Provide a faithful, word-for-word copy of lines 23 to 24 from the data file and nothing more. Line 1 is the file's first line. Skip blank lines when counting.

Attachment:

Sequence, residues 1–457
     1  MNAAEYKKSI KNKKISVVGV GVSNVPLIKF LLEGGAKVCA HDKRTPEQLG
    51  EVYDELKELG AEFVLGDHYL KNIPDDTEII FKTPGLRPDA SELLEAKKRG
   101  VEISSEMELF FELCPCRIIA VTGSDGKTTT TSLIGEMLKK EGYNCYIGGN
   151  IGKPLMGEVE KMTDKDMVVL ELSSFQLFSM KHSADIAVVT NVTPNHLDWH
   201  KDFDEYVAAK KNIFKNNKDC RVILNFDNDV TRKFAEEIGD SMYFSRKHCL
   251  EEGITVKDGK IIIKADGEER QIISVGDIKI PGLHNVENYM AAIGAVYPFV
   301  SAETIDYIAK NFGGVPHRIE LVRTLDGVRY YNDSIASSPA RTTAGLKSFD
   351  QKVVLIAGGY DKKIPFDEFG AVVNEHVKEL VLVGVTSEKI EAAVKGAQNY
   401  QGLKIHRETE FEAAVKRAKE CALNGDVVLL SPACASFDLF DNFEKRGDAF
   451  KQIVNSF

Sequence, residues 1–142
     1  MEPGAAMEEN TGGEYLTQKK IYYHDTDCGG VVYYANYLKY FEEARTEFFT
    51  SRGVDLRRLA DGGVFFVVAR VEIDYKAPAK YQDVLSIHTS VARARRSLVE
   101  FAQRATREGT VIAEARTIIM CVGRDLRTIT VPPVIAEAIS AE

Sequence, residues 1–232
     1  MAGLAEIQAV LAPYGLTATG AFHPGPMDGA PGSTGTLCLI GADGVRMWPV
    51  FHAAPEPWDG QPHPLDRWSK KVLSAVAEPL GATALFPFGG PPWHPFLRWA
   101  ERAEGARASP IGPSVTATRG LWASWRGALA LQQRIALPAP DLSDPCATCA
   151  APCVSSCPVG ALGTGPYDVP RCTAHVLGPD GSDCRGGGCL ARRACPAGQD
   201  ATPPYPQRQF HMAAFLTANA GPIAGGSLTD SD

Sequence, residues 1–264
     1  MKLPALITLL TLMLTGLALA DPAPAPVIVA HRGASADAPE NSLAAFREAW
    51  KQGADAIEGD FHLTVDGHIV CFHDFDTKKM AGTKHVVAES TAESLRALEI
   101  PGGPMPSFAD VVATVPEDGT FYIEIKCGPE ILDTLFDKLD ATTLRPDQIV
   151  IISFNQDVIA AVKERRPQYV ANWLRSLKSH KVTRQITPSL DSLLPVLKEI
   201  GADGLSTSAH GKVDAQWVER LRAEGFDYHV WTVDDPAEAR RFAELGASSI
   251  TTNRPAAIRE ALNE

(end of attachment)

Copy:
     1  MKLPALITLL TLMLTGLALA DPAPAPVIVA HRGASADAPE NSLAAFREAW
    51  KQGADAIEGD FHLTVDGHIV CFHDFDTKKM AGTKHVVAES TAESLRALEI